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Topic: “Nathan Finn”

The Lord’s Supper and Gospel Unity

I am writing up reflections on my devotions every day for six weeks. This is one of those posts.

On Sundays, I will be using this space as an opportunity to reflect publicly on the sermon presented.

My friend, elder, and professor Dr. Nathan Finn preached the sermon this morning at FBC Durham. His text, 1 Corinthians 11:17–34, is the only text in the New Testament to address specifically the Lord’s Supper outside the gospels—so it was fitting that it was the text for the day in which we partook of Communion together. As Nathan1 walked through these verses and expounded their meaning, he challenged us to evaluate our own congregation in light of the passage’s message, which he summarized:

The Lord’s supper is an ongoing reminder that within the church, the divisions in the world have been done away with.

His points were as follows:

  1. It is a shameful thing for a church to be divided by the priorities of the fallen world. (11:17–22)
    • Paul had been commending the Corinthians believers for some things they were doing well,2 but no more: the way the Corinthians believers acted when they came together to celebrate the Lord’s Supper was awful. They were divided.
      • Nathan suggested that Paul’s comment about the division being “necessary” was one of Paul’s typically sarcastic moves in the epistle—as I put it to Jaimie, one of Paul’s favorite rhetorical flourishes in the book is apparently to embrace the Corinthian position, only to turn around and hit them hard with the truth.
    • These divisions turned the Lord’s Supper—a proclamation of unity!—into an empty ritual.
    • He noted that the Corinthian response simply embodies a common pattern of the day: people were following the natural pattern of their culture, bringing their own food not to share (as in a potluck) but to eat themselves. As such the wealthy had much, along with leisure time, while the poor and working-class types had little to eat and little time. Even if unintentional, the result of following the world’s pattern was to cause a sharp demarkation between the rich and the not-so-rich… followed by a proclamation of unity! The visual hypocrisy is outrageous.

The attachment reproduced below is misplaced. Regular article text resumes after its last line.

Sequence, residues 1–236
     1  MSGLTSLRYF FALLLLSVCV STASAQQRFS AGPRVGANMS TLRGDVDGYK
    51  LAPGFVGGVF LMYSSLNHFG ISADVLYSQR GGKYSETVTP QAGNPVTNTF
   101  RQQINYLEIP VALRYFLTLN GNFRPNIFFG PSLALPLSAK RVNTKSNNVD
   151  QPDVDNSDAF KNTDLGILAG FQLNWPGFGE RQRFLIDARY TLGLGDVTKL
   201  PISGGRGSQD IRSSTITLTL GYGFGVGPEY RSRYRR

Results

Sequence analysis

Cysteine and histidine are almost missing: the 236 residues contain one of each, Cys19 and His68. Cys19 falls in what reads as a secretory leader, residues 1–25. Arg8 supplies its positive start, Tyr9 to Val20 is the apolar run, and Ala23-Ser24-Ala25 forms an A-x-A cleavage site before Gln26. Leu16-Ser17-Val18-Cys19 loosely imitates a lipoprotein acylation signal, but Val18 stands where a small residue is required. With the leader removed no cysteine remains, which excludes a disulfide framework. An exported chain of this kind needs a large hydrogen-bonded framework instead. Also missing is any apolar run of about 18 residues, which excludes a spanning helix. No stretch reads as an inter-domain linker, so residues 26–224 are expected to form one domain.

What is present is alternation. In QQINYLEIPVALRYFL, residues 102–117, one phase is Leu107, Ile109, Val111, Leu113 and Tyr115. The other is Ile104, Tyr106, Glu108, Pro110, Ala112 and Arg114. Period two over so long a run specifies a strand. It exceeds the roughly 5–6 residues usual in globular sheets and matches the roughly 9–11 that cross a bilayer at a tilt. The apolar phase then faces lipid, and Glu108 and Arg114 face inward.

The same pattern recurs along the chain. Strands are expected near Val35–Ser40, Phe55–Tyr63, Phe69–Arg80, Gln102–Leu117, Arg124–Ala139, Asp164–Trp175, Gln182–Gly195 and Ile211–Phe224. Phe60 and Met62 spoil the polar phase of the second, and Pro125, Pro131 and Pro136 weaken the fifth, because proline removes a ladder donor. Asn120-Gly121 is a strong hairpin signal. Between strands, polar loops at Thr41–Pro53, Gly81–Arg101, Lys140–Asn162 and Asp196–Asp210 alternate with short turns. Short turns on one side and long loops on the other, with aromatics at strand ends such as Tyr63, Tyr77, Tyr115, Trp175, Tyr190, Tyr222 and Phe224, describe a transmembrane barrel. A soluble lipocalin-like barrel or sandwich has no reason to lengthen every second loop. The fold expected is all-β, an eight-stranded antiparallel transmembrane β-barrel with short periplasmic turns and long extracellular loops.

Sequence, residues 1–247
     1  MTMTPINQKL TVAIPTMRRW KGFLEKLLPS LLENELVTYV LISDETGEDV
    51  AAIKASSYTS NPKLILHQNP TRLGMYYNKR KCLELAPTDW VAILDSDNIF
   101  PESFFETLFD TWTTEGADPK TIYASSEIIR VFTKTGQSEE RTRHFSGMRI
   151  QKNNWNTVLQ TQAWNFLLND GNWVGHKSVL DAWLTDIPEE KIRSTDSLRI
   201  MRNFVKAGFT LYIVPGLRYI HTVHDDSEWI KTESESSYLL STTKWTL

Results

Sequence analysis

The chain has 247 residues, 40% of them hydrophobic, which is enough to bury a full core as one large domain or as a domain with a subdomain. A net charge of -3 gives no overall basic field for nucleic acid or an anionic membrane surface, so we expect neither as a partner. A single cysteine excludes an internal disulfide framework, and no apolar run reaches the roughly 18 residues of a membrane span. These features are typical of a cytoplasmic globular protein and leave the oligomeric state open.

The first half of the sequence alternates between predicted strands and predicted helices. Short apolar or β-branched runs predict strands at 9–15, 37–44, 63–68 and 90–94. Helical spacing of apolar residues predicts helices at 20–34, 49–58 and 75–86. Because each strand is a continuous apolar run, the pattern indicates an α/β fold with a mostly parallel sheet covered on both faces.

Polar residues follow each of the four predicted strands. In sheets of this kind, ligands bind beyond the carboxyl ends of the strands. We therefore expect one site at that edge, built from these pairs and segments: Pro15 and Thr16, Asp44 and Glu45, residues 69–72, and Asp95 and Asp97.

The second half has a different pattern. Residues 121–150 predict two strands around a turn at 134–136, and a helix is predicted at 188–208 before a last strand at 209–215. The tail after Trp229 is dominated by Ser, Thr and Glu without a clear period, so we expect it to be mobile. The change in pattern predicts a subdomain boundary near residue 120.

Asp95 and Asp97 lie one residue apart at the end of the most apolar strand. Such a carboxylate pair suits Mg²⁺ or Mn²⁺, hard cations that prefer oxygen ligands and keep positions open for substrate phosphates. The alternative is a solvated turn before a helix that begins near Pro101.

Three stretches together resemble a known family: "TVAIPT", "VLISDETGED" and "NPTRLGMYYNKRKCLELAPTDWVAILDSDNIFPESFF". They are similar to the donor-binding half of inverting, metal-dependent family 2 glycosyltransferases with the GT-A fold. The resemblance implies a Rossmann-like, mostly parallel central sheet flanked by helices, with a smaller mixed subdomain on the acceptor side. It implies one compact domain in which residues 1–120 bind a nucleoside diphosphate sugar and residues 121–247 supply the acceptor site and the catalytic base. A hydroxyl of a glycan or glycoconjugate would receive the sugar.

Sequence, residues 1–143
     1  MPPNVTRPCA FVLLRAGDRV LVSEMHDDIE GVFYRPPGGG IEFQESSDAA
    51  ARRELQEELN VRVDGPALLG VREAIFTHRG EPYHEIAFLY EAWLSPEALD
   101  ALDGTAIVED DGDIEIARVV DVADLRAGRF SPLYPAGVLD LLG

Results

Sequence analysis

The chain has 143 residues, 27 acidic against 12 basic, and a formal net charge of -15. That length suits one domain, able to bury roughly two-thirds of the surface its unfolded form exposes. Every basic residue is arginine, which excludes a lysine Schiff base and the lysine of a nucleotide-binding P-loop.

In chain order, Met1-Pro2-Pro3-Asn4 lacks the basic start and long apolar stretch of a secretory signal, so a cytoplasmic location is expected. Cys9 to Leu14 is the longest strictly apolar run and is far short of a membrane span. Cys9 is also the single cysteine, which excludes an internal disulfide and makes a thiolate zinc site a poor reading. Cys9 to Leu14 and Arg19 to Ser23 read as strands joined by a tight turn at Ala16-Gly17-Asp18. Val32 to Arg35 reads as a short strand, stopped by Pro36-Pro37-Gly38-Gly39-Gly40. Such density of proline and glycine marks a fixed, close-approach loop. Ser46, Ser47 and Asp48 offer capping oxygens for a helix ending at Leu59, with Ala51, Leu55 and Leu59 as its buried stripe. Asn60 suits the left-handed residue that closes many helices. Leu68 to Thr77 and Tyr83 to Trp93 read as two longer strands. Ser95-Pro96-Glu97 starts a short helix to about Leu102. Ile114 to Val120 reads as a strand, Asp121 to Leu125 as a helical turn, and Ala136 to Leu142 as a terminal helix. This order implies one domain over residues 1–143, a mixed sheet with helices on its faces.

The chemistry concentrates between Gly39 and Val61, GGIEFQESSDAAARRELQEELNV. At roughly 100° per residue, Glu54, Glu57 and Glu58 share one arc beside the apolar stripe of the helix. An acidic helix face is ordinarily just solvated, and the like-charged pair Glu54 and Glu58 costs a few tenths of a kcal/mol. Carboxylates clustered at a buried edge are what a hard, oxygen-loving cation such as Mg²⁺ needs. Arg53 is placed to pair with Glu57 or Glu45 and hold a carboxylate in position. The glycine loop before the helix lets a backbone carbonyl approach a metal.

• Nathan then challenged us: are there places where we unintentionally imitate the priorities and practices of the culture around us in a way that diminishes the unity we have in Christ?
  2. The Lord’s Supper was given to us a corporate proclamation of the gospel by the whole church. (11:23–26)
    • The Lord himself gave Paul these instructions, Paul records. An interesting tidbit, although not one that substantially affects the interpretation of the passage.
    • The church was not failing to practice the Lord’s Supper; it was simply going about it in a bad way. This, at least, is a good thing.
    • Nathan suggested that this suggestion tells us why we should practice the Lord’s Supper: doing so proclaims the Lord’s death. All of us, not just the preacher, are together preaching a visual sermon.
      • A sermon to the believer: a reminder of what Christ has accomplished for us and the shape of our hope.
      • A sermon to the unbeliever: an invitation to enter into faith in Jesus Christ.
    • We should celebrate the Lord’s Supper regularly and frequently3 because it is good news.
  3. We should celebrate the Lord’s Supper in such a way that it shapes our life together and accurately reflects the gospel it is meant to proclaim. (11:27–34)
    • Nathan began his treatment of this section by clearing up some misconceptions about the word “unworthy.” It is not a question of our sinfulness or merit in the time preceding our taking of the Supper: all of us are too sinful to ever merit partaking. Rather, Paul was warning against a very particular sin: taking of the Supper in such a way as to undermine the very meaning of the meal by creating division in the very symbol of Christian unity.
    • Nathan elaborated on his point about worthiness and sinfulness: we do not partake of the Supper because we might have been good enough, but because Christ took all our sins on himself. That is exactly what the Supper is about!